Shaun Levin

Neglect and the Novel

In Writing on March 3, 2013 at 12:02 pm

You’ve neglected your novel. For months you’ve been distracted, done other things, made excuses, promised to come back, until eventually you’re here again, at your desk. You’ve got time and no excuses. You worried that either of you may have lost interest, but neither of you have. Your novel wants to be written. You try to remember why you abandoned it in the first place. Things were going well when you started out, you’d accumulated experiences, anecdotes, scenes based mainly on things that had happened but with quite a bit of fictionalising. There was a light touch to it all, humour, and you liked that; you didn’t want heaviness, or the melancholy and death pervading the last few things you’d written, all that suicide and madness and the horrors of the First World War you’ve been writing about for the past seven years.

This was going to be a joyous novel, and you enjoyed writing it. You thought it would be like this until the end, that finally you’d write a book with a light touch to it, and humour, and something mildly interesting to say about the state of the world at this point in time. You hit 60,000 words, more than you’ve ever managed for one novel in such a short time. Then you abandoned the book.

Now, coming back to it, you see that it is very much an anecdotal book – “But I knew that already!” – and you notice that there’s something missing, that a strong thread is missing to hold it all together. A rope. The way things stand now, there’s nothing stronger to hold it together than the passing of time. Sometimes that is enough, but in the case of the novel it’s not.

You’re back in the novel. You’re turning up at your desk every morning, showing up, seeing that the book is far from finished, that it wants to go deeper, to say things you hadn’t planned on. Time and distance have given you perspective. Your novel is posing a challenge and you can choose to take it on or not. Are you prepared, willing, brave enough to follow it to the murky, complex unsettling places it wants to go to? What do you do with a novel that wants to take you somewhere, to show you something, to demonstrate that perhaps you can do something you’ve never done before.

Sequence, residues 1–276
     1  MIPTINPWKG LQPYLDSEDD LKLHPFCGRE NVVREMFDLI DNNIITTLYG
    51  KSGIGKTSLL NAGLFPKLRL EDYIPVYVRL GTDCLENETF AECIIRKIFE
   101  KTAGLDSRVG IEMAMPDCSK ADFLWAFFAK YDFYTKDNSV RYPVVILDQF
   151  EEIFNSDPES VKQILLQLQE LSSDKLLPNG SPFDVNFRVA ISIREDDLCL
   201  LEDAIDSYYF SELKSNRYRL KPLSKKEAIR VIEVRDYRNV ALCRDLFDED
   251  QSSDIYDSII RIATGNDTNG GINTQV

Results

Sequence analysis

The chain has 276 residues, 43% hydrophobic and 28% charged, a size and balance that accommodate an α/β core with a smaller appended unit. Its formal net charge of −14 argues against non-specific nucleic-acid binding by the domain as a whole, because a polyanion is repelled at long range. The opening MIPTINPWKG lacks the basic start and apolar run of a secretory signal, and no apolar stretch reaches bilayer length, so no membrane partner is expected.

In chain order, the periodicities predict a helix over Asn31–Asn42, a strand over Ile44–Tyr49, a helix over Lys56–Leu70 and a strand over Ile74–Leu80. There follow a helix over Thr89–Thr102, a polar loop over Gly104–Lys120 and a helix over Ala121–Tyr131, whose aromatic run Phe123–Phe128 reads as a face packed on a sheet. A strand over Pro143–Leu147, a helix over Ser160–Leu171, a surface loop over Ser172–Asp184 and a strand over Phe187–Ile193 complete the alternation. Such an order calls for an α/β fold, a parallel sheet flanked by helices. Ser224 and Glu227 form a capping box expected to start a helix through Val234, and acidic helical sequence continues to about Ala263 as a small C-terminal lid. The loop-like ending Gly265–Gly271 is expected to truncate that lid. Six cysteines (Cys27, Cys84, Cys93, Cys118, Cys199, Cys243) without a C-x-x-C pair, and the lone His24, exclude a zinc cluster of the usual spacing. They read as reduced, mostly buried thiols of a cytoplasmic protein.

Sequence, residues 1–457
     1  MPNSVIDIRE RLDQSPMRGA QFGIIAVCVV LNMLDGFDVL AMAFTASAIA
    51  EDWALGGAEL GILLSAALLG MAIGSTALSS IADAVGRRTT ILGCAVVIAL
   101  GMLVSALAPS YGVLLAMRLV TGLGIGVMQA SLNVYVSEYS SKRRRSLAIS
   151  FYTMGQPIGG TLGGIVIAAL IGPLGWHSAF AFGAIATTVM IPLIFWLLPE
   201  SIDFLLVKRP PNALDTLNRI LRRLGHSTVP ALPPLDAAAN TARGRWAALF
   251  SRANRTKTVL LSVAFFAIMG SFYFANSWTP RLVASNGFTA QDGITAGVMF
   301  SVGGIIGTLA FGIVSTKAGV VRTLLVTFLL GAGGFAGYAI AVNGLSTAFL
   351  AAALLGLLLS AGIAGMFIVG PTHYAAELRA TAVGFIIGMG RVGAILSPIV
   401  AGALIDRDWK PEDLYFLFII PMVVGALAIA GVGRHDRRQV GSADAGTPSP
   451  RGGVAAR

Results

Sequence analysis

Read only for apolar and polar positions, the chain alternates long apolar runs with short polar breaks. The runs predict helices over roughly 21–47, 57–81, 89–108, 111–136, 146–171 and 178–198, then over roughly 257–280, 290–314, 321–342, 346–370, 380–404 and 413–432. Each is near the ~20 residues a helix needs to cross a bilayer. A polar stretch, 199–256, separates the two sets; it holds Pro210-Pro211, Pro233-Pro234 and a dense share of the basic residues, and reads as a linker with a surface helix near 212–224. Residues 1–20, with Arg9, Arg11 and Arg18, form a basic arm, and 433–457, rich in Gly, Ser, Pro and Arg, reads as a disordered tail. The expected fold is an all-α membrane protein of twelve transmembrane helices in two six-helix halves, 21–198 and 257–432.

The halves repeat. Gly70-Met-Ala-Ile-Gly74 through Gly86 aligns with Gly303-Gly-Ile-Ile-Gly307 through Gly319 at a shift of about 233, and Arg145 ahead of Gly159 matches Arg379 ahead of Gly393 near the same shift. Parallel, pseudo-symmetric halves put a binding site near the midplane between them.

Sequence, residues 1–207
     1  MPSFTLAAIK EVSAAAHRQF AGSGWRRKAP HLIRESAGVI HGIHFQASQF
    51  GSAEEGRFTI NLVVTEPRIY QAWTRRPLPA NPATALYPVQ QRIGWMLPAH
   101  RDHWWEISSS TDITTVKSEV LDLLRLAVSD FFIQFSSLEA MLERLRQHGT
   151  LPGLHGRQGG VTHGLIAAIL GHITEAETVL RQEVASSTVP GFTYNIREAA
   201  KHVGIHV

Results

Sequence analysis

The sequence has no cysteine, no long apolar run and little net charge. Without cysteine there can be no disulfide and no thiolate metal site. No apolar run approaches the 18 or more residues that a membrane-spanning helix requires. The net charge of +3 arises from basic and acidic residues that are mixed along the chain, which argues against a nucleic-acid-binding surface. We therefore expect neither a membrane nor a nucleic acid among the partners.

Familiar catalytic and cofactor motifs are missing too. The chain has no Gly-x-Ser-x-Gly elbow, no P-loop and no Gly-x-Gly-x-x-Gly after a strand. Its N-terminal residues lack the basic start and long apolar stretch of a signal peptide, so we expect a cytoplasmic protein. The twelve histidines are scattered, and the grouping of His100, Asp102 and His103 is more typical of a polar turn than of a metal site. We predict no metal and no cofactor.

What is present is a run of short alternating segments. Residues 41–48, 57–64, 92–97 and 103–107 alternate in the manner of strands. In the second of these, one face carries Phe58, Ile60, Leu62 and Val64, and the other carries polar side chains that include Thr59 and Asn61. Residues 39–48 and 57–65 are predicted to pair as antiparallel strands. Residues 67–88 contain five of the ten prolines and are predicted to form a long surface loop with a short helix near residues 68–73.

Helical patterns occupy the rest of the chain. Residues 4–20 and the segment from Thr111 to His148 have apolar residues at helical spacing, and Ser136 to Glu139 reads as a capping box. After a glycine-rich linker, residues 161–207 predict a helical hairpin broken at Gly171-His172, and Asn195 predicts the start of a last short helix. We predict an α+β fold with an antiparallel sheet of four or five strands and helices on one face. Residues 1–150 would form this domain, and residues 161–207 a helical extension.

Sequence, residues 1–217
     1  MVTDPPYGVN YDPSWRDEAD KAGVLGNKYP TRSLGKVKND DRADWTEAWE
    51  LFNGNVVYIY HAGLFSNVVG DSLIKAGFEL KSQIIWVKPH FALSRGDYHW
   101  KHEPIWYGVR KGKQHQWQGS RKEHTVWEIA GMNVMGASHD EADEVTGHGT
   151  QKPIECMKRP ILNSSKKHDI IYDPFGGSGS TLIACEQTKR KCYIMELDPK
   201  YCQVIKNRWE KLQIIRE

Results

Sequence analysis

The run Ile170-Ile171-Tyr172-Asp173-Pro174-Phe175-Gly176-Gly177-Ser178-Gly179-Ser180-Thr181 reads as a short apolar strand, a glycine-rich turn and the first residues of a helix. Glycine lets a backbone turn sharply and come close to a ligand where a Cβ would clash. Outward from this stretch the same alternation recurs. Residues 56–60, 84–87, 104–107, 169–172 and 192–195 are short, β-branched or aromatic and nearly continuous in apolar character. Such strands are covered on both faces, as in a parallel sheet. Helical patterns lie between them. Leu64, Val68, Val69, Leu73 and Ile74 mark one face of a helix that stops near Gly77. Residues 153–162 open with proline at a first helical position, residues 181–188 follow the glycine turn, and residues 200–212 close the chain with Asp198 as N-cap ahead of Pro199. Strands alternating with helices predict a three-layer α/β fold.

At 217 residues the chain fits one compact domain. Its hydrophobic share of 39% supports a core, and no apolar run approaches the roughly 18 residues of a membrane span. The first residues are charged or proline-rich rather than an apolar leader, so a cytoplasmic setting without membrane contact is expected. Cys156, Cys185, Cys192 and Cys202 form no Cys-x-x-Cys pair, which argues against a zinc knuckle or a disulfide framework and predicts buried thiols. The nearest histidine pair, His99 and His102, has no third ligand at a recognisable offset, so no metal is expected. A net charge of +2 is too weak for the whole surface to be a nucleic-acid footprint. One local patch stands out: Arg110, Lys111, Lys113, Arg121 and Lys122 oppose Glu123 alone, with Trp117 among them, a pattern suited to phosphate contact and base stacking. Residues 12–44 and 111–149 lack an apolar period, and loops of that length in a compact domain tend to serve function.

You think of the word “lure” but that’s not the right word.

“No” is always an option. Force the novel to go somewhere else, impose an agenda, ignore what it’s saying. Walk away. It’s easy to walk away, but the more you become aware of what you’re doing, the more you see it’s a choice, it’s as simple as doing it or not doing it, as simple as turning up and sitting down. At some point you have to meet the novel head on.

You’re always abandoning things. You start something and then at some point you walk away. It’s how you operate. You have a stable of unfinished stories. Some of them want to be novels. Some of them want to go the whole way, but you’ve said stop. They call out to you: Write me. They say: We want to unravel, to unfold, we want to expose the full drama of our stories, and if you let us, you won’t have to keep carrying us around with you, we’ll stop nagging you and reminding you of all your Unfinished Business.

Maybe “neglect” is the wrong word. Maybe “abandon” is the wrong word, too. Maybe that’s how you work, and in the end you always come back. Maybe that’s a rationalisation, but at the moment you’re back and you’re writing and the novel feels good and scary and rich.


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